Journal of Water Resource and Protection
Vol. 2  No. 3 (2010) , Article ID: 1494 , 8 pages DOI:10.4236/jwarp.2010.23026

Influences of Limited Ammonium Nitrogen and Water Temperature on the Urban Stream Restoration Using Bacterial Technology – View from the Perspective of Numerical Modelling

Doddi Yudianto, Yuebo Xie

National Engineering Research Center of Water Resources Efficient Utilization and Engineering Safety,

Hohai University, Nanjing, China


Received December 2, 2009; revised January 5, 2010; accepted January 19, 2010

Keywords: Stream Restoration, Bacterial Technology, Polluted Urban Streams, Numerical Modelling, MATLAB


To complete the previously information issued on the feasibility study and some technical challenges identified from the application of bacterial technology, this study presents another characteristics of numerical output as the bacterial growth is now also limited to ammonium nitrogen and water temperature. Based on the results obtained, it is found that the degradation of readily biodegradable COD will be much slower because of lower bacterial growth. At certain period, the COD concentration will increase and be plotted higher later on compared to the model which is limited only to substrate and oxygen. Besides the ammonium nitrogen, other parameters i.e. particulate products from COD decay and particulate degradable organic nitrogen will also increase soon after certain time. Considering the increase of ammonium nitrogen as it is also converted to nitrate nitrogen, it can be predicted that some algae may show up during the treatment processes. When the model is simulated under different water temperature, slower biodegradation process is presented at lower water temperature. Because the bacteria grow better at higher water temperature, more oxygen is then required. Finally, from this study, it is also identified that the artificial mixing and addition of oxygen at initial stage of treatment will considerably influence the restoration.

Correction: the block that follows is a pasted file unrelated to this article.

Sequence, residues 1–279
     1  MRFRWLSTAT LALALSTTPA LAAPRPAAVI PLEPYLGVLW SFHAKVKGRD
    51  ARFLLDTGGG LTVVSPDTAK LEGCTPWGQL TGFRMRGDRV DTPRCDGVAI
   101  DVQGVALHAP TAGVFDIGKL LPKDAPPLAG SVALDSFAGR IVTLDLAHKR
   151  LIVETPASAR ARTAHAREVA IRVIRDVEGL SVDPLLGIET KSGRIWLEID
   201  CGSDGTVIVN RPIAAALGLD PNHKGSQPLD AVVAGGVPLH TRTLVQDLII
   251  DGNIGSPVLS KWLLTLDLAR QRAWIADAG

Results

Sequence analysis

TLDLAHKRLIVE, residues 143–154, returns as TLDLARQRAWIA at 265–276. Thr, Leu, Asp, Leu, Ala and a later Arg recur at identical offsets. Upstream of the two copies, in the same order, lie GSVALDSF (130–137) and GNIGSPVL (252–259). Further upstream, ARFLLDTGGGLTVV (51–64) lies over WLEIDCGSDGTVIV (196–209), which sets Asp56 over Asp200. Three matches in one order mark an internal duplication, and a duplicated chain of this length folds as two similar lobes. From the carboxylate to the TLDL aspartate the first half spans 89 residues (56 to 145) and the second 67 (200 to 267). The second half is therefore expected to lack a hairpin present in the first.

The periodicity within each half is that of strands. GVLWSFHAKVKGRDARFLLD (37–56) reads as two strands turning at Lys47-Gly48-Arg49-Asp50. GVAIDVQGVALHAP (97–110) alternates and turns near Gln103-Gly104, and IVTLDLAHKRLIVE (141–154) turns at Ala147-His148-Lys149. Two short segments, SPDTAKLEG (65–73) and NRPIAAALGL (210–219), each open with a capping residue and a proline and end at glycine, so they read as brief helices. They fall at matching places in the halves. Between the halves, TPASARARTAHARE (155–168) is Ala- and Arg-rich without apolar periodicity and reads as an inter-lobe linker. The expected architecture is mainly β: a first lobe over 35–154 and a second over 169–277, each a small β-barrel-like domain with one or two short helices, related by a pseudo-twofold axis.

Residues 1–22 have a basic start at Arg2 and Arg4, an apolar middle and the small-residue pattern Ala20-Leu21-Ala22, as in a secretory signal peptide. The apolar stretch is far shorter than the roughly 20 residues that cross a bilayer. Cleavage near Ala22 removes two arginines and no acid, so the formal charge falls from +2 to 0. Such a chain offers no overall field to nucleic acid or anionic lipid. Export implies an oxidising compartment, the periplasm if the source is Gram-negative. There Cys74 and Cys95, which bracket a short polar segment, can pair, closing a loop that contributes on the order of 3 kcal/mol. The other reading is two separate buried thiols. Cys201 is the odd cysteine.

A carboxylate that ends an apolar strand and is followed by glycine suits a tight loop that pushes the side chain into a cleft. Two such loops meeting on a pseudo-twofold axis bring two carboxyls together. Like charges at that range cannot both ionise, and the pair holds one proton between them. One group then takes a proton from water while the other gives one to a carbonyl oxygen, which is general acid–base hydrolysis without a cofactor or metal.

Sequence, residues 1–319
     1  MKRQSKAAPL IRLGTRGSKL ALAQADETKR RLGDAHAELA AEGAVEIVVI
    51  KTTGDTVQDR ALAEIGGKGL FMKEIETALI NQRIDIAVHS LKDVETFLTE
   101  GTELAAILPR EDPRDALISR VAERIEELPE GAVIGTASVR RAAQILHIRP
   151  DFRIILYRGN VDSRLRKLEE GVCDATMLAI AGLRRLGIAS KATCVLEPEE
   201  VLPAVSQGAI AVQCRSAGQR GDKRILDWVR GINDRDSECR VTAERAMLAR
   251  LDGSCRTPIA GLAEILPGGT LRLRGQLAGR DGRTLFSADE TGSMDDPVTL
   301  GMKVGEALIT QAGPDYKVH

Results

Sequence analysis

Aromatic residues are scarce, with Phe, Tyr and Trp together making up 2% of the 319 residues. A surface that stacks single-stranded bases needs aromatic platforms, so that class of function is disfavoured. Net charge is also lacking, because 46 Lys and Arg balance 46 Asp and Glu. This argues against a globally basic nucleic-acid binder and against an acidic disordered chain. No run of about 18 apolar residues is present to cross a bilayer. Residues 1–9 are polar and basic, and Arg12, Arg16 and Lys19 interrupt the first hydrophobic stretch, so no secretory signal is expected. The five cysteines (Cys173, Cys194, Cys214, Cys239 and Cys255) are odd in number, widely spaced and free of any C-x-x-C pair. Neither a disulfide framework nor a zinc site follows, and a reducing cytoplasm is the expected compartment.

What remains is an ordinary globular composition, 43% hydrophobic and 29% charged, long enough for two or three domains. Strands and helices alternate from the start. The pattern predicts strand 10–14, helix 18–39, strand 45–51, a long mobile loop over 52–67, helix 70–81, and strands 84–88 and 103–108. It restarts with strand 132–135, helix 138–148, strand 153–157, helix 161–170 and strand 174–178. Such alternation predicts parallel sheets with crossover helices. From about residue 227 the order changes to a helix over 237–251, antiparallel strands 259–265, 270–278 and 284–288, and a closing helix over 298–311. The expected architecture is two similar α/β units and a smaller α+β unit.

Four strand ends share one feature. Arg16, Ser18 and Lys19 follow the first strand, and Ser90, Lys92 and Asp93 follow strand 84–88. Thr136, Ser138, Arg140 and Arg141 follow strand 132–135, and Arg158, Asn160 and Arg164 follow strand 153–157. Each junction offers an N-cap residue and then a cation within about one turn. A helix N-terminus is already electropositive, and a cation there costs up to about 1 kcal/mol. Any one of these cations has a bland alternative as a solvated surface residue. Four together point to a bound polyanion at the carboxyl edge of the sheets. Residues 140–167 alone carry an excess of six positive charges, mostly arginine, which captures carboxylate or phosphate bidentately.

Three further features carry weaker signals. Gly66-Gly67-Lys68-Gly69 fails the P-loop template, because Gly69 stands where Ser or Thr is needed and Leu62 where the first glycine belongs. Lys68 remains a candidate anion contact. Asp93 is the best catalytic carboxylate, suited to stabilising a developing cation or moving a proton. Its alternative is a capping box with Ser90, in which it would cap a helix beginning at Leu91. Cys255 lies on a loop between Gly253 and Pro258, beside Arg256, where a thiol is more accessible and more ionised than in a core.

1. Introduction

As stream has always been the recipient of wastes discharge from human activities, be it domestic sources, industrial or agricultural effluents or mining process waters, the massive increase of industrial productions accompanied by high growth of large urban populations has led to severe water pollution problems for over the last two centuries. Such situation was found to be even worse in many lesser developed countries and some of the megalopolises with unbridled population growth and uncontrolled industrial development [1–2].

Because of its urgent necessity to find solutions for water pollution problems, there have been some methods and technologies developed and applied for the last few years. Started by the application of re-aeration using series of weir [3–5], shifting the effluent discharges location [6], pumping air into the water body using the local oxygenator [3,7] and the implementation of constructed wetland [8–13], it has been a while before the bacterial technology was then introduced to solve similar problems. In China, such technology has been implemented recently for treating the polluted lake [14] and influent of wastewater treatment plant [15]. It is also great to know that the practical application of this technology was found to be successful in speeding up the recovery processes of some streams in Shenzhen City, China. The final concentrations of BOD and COD after the treatment were informally reported to be less than 5.00 and 20.00 mg L-1 respectively.